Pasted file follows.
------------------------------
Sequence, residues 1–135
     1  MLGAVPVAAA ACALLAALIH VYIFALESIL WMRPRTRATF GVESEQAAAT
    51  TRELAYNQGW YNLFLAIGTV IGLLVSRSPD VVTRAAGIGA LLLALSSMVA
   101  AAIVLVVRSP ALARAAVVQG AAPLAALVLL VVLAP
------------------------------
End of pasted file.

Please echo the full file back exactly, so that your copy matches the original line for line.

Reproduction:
Sequence, residues 1–135
     1  MLGAVPVAAA ACALLAALIH VYIFALESIL WMRPRTRATF GVESEQAAAT
    51  TRELAYNQGW YNLFLAIGTV IGLLVSRSPD VVTRAAGIGA LLLALSSMVA
   101  AAIVLVVRSP ALARAAVVQG AAPLAALVLL VVLAP